We had considered several options for rehabbing the cabinets including sending them out to be professionally spray painted or powder coated. But we really didn't want to invest a lot of money into something that is probably a temporary measure. It would also involve plumbing and having to remove the big cast iron sink, which my husband deemed too much of a hassle. For him anyway. I haven't avoided any hassle. Quite the contrary. I thought about trying to paint them with my spray gun. But I really haven't used it enough to feel like I've become proficient enough for this project. I also don't have a large dust free place to do the spraying. In the end, after tons of research and tips from others who have gone this route before, I decided to just go for it. Have brush, will paint.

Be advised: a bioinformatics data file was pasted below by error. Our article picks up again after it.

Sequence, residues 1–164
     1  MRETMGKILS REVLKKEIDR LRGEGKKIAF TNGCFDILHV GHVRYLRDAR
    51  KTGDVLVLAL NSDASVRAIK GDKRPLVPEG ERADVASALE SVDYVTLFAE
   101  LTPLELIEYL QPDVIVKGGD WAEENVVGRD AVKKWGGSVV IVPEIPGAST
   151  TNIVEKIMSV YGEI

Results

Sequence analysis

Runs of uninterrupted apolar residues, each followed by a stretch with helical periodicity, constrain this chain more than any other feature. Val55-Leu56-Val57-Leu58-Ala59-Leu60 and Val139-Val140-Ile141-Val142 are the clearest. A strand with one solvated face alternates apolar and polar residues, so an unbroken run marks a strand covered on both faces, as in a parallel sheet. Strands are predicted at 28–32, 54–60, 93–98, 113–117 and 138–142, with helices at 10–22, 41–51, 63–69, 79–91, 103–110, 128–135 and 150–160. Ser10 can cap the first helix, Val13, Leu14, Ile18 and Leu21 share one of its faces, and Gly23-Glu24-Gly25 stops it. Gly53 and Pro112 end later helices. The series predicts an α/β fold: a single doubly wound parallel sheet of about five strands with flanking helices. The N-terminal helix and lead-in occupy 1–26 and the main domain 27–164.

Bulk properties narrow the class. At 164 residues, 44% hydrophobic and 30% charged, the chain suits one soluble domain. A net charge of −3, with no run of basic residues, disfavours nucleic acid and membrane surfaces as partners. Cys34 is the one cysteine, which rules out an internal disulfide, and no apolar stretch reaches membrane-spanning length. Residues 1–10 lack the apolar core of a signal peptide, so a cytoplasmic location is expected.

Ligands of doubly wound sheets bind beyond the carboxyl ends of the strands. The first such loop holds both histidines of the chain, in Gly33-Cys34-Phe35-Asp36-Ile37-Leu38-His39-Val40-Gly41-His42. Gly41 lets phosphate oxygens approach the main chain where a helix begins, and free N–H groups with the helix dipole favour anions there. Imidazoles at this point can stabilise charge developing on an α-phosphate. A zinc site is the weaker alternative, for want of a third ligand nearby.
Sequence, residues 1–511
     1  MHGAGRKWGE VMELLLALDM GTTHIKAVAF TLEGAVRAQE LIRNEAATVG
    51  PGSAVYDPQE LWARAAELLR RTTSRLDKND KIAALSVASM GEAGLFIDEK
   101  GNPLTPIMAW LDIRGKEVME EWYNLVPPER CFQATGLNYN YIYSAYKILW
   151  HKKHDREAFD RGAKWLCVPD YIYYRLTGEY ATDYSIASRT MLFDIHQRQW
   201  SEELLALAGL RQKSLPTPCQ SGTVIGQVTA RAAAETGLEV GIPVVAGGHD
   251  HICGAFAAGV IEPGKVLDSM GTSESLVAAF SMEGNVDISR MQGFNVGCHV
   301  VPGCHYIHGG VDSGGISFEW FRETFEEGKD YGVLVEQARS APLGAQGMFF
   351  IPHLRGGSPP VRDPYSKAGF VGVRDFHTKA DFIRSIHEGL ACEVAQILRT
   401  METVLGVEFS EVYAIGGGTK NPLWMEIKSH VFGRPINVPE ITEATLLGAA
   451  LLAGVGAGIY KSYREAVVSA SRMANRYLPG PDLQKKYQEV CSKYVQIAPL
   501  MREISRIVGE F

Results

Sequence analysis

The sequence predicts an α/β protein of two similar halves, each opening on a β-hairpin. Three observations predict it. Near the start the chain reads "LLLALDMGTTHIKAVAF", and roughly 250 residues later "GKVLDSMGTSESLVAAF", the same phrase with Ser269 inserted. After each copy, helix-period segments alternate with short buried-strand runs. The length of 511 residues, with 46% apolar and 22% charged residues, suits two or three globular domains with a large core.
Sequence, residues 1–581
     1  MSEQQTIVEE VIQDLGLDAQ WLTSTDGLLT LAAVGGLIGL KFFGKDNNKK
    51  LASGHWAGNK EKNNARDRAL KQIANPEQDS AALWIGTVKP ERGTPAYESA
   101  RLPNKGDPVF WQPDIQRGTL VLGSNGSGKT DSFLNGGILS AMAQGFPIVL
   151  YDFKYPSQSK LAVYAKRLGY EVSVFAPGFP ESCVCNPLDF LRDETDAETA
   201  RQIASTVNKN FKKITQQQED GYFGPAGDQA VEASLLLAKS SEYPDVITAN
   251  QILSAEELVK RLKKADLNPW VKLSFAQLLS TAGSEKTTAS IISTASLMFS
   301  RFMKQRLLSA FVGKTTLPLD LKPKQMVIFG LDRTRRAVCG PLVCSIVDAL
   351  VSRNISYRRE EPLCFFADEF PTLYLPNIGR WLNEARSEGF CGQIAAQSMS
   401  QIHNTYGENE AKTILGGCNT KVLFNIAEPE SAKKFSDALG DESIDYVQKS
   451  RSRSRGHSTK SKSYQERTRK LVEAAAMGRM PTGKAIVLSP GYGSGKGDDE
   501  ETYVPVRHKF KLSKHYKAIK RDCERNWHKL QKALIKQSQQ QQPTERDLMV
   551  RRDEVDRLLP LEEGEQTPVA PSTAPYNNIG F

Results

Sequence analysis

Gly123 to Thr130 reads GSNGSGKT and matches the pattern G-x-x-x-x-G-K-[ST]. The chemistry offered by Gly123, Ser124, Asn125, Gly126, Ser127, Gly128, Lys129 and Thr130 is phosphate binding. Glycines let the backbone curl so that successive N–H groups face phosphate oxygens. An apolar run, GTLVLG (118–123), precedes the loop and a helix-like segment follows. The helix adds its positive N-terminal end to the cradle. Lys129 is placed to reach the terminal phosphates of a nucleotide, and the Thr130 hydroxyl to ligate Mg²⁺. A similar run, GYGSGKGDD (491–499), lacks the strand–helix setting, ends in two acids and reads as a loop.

The first step was to remove the drawers, doors and apron piece under the sink. That process involved a fair amount of frustration since some of the hinge screws were rusted practically solid. It took a full week just to get the last door off, using WD40 and liquid wrench to loosen the screws. I then took everything I could outside for some long sessions of sanding that spanned several days, using both a power sander and hand sanding, to remove all the rusty areas down to bare metal and de-gloss the finish. If you do this be sure to wear a face mask and eye protection since old finishes most likely have lead in them. I did have to sand the base cabinets indoors since we weren't removing them. I covered everything I could with plastic and sealed the top cabinets with tape to keep dust out of them. I made sure all the windows and doors were open for ventilation. I also used a shop vacuum to clean up as I went to keep the dust mess to a minimum.